I still think Last Man on Earth is the best version of this story. No one can beat Vincent Price—not even Will Smith. (Chuck Heston, maybe. But he'd need a gun.)

B-Sol said...

Excellent, happy to spread the word about these terrific movies! Becky, you're in for a few treats on your Netflix queue. And Ron, I agree--Last Man is the best adaptation of Matheson's story.

Will Errickson said...

BLACK HOUSE (which I hadn't even *hard* of!) is the only one I haven't seen; otherwise, I pretty much agree with this list! That's rare.

The Costuminatrix said...

You pulled out BLACK HOUSE! So glad to see others who liked that movie. In a sea of less-than-satisfactory J-horror films (I'm a bit of a gourmand on that particular genre and will watch it whether it's bad, good, indifferent) BLACK HOUSE was a well-paced, creepy find. Nice choice.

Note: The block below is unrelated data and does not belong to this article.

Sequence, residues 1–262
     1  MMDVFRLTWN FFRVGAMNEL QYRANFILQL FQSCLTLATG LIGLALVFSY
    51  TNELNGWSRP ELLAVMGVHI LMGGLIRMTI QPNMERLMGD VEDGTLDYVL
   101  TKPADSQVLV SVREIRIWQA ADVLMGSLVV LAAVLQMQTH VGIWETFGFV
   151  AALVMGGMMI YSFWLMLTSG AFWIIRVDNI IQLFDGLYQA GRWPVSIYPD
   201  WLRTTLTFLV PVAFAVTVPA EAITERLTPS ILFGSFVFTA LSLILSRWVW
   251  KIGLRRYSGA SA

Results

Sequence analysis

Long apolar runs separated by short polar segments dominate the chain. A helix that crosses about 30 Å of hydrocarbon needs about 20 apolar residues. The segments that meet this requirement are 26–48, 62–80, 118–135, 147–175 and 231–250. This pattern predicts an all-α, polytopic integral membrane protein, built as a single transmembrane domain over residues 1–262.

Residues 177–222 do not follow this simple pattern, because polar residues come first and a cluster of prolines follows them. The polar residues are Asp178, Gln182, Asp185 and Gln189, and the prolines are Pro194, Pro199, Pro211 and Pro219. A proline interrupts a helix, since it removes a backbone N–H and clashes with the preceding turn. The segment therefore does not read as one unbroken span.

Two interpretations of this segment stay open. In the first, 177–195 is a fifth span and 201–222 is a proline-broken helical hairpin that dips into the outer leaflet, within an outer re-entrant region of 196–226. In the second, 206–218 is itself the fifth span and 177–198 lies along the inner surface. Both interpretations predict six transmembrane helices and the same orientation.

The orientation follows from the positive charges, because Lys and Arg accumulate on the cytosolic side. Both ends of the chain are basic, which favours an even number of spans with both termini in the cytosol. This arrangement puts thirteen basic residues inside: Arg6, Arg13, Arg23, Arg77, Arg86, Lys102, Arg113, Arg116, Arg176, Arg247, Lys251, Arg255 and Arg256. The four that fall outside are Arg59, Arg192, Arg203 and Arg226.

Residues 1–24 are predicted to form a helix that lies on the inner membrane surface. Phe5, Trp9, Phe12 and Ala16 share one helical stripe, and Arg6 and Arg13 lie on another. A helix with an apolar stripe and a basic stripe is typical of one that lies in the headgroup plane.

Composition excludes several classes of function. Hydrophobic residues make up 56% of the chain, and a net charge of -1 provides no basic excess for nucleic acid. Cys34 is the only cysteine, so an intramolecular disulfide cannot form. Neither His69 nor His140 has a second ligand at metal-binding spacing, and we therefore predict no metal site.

B-Sol said...

Thank you, I too felt it really stoof out amidst the seemingly neverending waves of Asian horror films. But got kind of lost in the shuffle, unfortunately.

Robert Ring said...

"I've never seen The Sadist."

Few people have. I recommend an immediate rental.

I Like Horror Movies said...

The only one I would have left off is HOUSE BY THE CEMETERY, which has never sat well with me, but each of the other zombie entries and especially LSCL are well deserving of their rank! I have always been a fan of BLOOD MOON, DAGON, and CASTLE FREAK, each of which would top my list. Great work as always B!

John W. Morehead said...

Good list. If I added my own it would include Legend of Hell House, Martin, and Dead and Buried.

B-Sol said...

All worthy titles, John--especially Martin.